The implementation of specific prevention strategies and treatments can reduce the disability, social, and economic impact of varicose veins and chronic venous diseases. Prevention strategies include lifestyle changes, the use of compression stockings, and minimally invasive medical and surgical treatments for symptomatic varicose veins. Changes in lifestyle can reduce the risk of developing varicose veins and can delay the progression to more severe forms of chronic venous diseases. Treatment options can improve the symptoms and the appearance of varicose veins. There are few data on the implementation of varicose vein prevention and treatment strategies on a public health and community-wide basis. Epidemiological and outcomes data suggest that the use of these strategies can reduce the overall human and economic burden of varicose veins and chronic venous diseases.

Lifestyle Changes for Varicose Vein Prevention

Leg elevation is an easy and effective means of preventing varicose veins and is best accomplished while resting. When the legs are elevated higher than the heart, blood flows out of the legs and pooled blood is allowed to drain from the veins. Gravity also aids the return of blood to the heart. Leg elevation should be practiced for about 15 minutes at a time, 4 times a day. This routine is especially effective for those with tired, achy legs.

Diet can play a significant role in the development of varicose veins due to the fact that it affects weight and overall cardiovascular health. A low-salt/high-fiber diet is best. Avoiding high sodium, processed foods is advisable. High fiber foods will help prevent constipation, a condition which can contribute to varicose veins. Fruits and vegetables are high in fiber, so increase your intake of these items. Protein is also important, as it supports overall muscle and connective tissue health. Try to include a variety of protein sources in your diet, but avoid high purine proteins (fat meats and dairy), as purines can also adversely affect veins. Avoid spicy or hot foods, as they can dilate veins and increase reflux. Lastly, it is important to maintain adequate water intake. This is essential when increasing fiber consumption as the two work together to prevent constipation. Veins require adequate blood volume to function properly, and water is necessary to maintain blood volume.

Exercise is an essential part of prevention, as it is in the maintenance of good health in general. The most beneficial exercise for those with or prone to varicose veins is walking, as it helps blood move up the legs toward the heart. Stretching and strengthening exercises are also good. Exercise can also help to control weight, another risk factor for varicose veins and chronic venous insufficiency. Caution should be taken to avoid prolonged sitting or standing with legs dependent. This will only serve to pool blood in the lower extremities. If your job requires prolonged sitting or standing, it is even more important that you take time to exercise. When the situation requires long periods of sitting, as in travel, frequent rest stops during which you can prop your feet up can be very beneficial. Legs should be elevated for at least 15 minutes at a time, 4 times a day and after long working and/or prolonged standing hours.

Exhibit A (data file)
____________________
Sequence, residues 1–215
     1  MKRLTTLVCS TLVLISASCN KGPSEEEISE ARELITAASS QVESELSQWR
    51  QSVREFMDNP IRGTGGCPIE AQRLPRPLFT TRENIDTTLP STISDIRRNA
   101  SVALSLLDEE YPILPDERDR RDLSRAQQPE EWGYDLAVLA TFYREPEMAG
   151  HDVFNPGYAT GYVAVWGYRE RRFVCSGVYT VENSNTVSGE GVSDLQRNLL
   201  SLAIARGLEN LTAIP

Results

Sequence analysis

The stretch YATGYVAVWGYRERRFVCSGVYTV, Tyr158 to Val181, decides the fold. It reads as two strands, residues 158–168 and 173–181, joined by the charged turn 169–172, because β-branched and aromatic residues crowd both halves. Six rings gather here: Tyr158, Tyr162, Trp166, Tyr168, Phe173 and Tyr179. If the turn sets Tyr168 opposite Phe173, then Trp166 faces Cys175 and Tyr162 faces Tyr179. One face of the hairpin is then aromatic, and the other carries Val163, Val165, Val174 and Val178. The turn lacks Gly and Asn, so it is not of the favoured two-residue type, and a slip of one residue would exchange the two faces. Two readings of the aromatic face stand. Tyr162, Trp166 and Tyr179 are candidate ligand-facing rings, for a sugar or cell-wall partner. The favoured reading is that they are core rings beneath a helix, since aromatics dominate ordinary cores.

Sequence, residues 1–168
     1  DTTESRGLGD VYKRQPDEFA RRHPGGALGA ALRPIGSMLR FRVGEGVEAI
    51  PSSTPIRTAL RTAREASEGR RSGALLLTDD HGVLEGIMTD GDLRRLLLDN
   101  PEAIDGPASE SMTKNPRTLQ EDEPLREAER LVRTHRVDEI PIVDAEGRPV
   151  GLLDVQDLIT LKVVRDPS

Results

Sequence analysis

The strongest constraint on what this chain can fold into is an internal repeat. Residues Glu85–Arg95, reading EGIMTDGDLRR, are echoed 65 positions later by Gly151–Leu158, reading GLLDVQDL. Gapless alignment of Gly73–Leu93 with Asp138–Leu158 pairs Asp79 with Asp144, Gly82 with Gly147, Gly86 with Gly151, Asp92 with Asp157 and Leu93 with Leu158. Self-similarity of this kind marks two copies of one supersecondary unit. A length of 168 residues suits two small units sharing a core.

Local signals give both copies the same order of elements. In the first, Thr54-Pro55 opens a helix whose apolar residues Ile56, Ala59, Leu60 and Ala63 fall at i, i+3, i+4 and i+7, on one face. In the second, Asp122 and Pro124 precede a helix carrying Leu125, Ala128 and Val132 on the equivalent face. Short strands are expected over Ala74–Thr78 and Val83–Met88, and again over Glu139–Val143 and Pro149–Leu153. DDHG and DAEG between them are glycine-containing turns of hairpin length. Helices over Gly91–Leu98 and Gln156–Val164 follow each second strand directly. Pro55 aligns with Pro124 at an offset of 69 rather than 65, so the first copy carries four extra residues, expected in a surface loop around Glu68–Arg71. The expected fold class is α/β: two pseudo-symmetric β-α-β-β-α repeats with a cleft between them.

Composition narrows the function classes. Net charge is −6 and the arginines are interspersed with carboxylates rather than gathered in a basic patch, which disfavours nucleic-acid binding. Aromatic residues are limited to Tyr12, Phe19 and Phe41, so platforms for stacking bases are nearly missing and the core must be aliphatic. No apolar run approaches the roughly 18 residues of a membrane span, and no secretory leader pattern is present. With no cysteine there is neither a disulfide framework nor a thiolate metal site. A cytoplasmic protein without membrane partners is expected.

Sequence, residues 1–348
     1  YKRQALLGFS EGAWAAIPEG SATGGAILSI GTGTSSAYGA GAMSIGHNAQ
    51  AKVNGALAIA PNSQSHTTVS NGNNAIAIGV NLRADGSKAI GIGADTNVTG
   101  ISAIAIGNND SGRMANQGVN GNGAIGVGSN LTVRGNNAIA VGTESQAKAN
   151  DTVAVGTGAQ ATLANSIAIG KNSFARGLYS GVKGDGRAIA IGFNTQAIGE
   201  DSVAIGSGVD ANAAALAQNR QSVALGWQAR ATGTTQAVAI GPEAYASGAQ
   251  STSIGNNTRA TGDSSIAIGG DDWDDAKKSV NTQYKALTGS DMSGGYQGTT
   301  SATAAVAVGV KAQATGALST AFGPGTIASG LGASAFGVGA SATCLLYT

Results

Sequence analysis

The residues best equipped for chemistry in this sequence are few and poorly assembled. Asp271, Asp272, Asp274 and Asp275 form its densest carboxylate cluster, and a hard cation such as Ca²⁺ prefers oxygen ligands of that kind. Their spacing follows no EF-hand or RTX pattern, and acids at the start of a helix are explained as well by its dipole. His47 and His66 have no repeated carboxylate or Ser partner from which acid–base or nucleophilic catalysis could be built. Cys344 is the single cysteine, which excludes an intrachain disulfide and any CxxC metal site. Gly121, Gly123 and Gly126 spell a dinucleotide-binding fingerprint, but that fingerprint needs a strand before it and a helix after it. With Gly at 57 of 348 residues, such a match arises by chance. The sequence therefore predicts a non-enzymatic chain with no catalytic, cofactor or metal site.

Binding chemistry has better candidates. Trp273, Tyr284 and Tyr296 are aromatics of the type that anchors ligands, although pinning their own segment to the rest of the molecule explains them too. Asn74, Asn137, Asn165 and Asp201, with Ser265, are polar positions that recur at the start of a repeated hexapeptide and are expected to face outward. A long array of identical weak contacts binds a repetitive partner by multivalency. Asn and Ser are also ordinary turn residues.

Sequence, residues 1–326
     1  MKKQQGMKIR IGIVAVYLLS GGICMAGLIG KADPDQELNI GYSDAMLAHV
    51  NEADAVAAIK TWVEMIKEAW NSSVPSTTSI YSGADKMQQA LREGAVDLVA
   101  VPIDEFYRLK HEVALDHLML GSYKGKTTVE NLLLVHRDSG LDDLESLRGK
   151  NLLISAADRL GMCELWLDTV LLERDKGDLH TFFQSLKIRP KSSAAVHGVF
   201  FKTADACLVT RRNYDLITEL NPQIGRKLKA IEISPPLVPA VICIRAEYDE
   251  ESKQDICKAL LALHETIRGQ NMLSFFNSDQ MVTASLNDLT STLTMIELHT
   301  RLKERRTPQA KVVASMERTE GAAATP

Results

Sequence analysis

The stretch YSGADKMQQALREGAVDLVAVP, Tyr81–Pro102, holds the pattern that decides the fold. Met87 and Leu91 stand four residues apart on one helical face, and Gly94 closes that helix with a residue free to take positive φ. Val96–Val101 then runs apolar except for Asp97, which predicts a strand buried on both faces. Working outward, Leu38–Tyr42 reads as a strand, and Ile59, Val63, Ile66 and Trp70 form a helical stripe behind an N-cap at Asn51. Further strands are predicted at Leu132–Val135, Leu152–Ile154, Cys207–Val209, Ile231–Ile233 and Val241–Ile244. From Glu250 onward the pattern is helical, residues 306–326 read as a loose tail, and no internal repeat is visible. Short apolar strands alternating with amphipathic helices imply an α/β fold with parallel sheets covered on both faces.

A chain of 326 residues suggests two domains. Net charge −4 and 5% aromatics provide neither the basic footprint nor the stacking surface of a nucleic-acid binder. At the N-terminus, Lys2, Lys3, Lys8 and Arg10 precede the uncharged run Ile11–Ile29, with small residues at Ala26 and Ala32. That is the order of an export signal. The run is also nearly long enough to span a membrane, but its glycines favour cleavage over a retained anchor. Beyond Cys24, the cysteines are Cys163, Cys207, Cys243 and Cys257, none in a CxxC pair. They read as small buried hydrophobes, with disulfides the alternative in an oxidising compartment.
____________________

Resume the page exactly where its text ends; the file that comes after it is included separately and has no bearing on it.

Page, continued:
Medical Interventions for Varicose Vein Treatment

Sclerotherapy is a minimally invasive procedure that’s done with local anesthesia and most patients can return to regular activity the following day. The procedure is used to treat varicose and spider veins. A tiny needle can be inserted into a vein and a solution is injected into the vein, causing it to collapse and eventually fade away. There are two forms of sclerotherapy, the older version being liquid sclerotherapy, and the newer version being foam sclerotherapy. Foam sclerotherapy is essentially the same as liquid except the solution is made into foam using arterial gas prior to injection. It is becoming a more popular choice for physicians as an adjunct to other interventions for larger varicose veins. Sclerotherapy varies in success rate, but it is a good option for smaller varicose veins and for venous ulcers and inflammation due to vein malformities. Although sclerotherapy is very technical and there is a risk of further skin damage in inexperienced hands, it is a good adjunct treatment for any patient with symptomatic varicosities.

The first line of treatment for patients with both varicose veins and CVI is compression therapy. Compression therapy is a very useful tool for the management of varicose veins and is used as a minor treatment for the symptoms of CVI. Compression has been shown to reduce swelling of the lower extremity and aid in the skin changes associated with CVI. It can also help reduce the symptoms of edema in the leg that occurs with varicose veins. Although compression therapy may not be the treatment of choice for a young, active individual, it is safe and useful for older individuals who may have other medical problems and for those who are preparing for or recovering from a surgical intervention. Compression therapy for young and/or active individuals may not be the most ideal form of treatment, but it is an important adjunct to the treatment of venous ulcers.